The paperless public sector
Max Cooter explores the need for reliable, accessible and environmentally friendly data in the public sector
Cast your mind back forty years. It wasn't all about beige decor, hideous fashions and the three-day week the computer was beginning to become an indispensible part of business and computer scientists were mulling over the ways that the machines would transform commercial life.
One of the slogans that made its first appearance in that decade (in a 1974 edition of Business Week to be precise) was the paperless office.
It sounds like science fiction, in the same way that jet packs were deemed the travel of the future in the 50s. The advent of the paperless office has been just as chimerical the truth is, we're addicted to paper. And despite those messages appended to the bottom of emails, imploring us not to print the email out, it's an addiction that's hard to break. According to government figures, about 80.6 million tonnes of printing and writing paper is produced by UK offices every year that's 24 per cent of total UK waste. And the public sector is one of the worst offenders when it comes to producing unnecessary paperwork.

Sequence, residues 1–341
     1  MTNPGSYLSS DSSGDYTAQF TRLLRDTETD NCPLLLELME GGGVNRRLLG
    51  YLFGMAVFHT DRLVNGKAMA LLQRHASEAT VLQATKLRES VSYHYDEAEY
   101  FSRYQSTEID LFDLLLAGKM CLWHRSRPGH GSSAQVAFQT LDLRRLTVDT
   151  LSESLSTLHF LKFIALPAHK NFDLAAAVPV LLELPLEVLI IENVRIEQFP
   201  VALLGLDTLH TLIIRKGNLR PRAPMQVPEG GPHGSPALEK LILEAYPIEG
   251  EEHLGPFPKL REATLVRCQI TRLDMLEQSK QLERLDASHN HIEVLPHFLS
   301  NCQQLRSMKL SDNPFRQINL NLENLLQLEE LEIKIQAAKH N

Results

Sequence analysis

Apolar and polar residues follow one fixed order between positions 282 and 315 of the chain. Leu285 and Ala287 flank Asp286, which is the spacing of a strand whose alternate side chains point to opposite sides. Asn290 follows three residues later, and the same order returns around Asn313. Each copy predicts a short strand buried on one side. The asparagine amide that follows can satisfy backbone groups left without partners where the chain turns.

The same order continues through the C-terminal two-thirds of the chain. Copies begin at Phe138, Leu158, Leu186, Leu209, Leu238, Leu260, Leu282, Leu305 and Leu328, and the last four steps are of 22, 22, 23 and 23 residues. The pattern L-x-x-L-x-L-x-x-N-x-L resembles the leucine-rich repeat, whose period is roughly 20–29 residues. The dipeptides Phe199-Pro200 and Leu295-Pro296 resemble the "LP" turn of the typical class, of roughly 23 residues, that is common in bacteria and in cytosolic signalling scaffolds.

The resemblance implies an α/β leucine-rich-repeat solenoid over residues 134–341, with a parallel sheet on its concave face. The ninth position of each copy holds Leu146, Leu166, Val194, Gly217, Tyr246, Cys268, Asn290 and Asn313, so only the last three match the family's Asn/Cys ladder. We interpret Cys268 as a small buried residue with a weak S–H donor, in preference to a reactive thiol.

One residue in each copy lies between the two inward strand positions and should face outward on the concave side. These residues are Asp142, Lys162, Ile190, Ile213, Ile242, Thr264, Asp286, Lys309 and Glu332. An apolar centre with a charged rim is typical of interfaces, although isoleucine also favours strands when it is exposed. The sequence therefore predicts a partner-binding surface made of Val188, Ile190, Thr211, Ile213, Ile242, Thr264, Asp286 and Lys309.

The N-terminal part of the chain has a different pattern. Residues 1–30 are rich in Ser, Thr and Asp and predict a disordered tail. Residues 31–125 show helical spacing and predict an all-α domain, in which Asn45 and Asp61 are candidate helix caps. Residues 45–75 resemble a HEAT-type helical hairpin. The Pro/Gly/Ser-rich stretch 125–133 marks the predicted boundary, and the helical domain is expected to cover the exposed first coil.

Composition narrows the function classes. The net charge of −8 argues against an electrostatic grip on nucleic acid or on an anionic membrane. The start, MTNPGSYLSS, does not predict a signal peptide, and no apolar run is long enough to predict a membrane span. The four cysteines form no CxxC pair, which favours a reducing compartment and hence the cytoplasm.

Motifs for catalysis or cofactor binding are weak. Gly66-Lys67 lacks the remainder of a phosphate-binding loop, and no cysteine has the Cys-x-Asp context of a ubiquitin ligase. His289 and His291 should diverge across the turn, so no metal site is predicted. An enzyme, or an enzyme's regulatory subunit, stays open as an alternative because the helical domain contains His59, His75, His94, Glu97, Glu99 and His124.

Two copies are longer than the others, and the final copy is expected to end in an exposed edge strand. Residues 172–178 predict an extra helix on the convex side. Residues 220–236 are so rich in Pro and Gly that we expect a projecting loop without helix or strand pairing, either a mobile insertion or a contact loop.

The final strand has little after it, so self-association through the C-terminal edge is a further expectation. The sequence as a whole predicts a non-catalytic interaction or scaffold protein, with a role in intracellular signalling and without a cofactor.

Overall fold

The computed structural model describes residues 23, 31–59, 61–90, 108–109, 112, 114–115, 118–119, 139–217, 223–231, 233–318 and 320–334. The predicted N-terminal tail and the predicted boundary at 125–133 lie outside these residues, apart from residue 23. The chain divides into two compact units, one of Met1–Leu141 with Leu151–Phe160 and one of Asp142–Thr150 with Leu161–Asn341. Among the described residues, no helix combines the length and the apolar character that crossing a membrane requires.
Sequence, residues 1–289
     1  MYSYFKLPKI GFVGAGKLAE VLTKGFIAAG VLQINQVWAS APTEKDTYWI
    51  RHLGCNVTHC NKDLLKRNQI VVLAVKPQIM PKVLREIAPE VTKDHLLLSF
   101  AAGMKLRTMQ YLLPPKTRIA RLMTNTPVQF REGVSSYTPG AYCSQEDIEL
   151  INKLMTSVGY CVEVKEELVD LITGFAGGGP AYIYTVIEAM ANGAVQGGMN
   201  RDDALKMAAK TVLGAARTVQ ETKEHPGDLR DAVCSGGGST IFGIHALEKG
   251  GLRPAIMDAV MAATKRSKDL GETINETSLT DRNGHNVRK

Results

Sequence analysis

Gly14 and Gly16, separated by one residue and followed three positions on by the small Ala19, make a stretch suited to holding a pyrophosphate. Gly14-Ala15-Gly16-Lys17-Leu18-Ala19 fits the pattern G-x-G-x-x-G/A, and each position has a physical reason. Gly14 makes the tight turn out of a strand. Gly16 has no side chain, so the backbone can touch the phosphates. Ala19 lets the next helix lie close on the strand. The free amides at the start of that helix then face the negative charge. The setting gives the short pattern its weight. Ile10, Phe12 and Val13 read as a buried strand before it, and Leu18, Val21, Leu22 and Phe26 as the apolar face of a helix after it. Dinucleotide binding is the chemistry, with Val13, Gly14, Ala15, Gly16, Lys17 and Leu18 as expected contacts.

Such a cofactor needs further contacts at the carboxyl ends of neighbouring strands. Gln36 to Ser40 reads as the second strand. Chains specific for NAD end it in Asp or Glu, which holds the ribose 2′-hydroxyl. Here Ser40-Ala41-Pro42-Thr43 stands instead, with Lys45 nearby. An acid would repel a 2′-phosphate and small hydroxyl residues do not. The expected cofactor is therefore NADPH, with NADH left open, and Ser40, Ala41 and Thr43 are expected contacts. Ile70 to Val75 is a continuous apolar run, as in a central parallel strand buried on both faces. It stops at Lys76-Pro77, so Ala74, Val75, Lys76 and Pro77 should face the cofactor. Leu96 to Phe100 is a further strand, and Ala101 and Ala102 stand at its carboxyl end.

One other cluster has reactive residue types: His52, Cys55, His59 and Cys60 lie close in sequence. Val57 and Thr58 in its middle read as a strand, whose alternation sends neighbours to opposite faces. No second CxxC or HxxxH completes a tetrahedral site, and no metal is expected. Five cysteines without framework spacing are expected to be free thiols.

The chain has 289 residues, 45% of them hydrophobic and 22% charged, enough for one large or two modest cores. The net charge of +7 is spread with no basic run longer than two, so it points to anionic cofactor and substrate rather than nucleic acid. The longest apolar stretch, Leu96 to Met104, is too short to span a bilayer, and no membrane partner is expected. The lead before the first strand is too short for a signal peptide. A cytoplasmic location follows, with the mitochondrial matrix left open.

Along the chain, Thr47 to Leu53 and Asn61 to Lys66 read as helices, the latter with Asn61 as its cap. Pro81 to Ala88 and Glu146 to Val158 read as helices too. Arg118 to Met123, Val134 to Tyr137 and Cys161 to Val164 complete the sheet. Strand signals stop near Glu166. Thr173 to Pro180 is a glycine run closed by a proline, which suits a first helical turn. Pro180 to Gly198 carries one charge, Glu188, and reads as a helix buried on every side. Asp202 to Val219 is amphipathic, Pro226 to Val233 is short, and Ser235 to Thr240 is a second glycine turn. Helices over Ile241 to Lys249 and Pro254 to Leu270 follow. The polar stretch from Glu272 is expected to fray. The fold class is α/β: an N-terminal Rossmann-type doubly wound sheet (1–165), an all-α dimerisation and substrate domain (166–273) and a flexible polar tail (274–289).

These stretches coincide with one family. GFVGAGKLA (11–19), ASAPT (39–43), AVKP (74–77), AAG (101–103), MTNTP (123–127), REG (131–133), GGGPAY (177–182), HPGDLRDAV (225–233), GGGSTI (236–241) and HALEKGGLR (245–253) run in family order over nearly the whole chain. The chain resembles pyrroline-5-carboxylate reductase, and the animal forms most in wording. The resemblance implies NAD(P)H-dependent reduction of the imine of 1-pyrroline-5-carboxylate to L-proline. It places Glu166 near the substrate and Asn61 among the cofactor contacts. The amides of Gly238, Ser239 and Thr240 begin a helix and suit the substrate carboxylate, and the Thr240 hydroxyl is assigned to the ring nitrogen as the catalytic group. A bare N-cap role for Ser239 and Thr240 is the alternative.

That's despite the best endeavours by the coalition government to cut waste. There's a concerted drive to haul back public sector expenditure and the cost of paper purchasing and subsequent disposal makes up a significant part of that. It's true that there are some regulatory requirements faced by public sector there are thousands of individual records to be kept and they should be ready to provide information to their citizens. So the task of cutting waste should not be underestimated: it's a delicate balancing act to keep costs low and, at the same time, provide the access that's needed.
There's certainly a challenge ahead. According to a 2009 survey, from the Centre for Economics and Business Research (CEBR) the public sector's productivity performance was costing taxpayers nearly 60 billion a year - half of the total raised in income tax. It was against this background that the coalition government came to power, declaring war on local authority waste and looking for ways to run councils more efficiently.
The advent of cloud has provided an ideal opportunity to meet this challenge, offering a way to be more cost-efficient. From the cutting of server costs, and removing IT departments from the strain of managing data centres as well as maintaining and patching hundreds of machine, cloud could be a transformational technology for the public sector, and especially local government.
One of the key ways that this can be achieved is moving to the cloud for backup it's becoming increasingly difficult to run effective on-premise backup, given the demands on compliance the public sector is very fond of its red tape - and given the way that the need to store data is growing at an ever-faster rate. There's not only an overhead in running in-house backup devices, there's also the element in planning.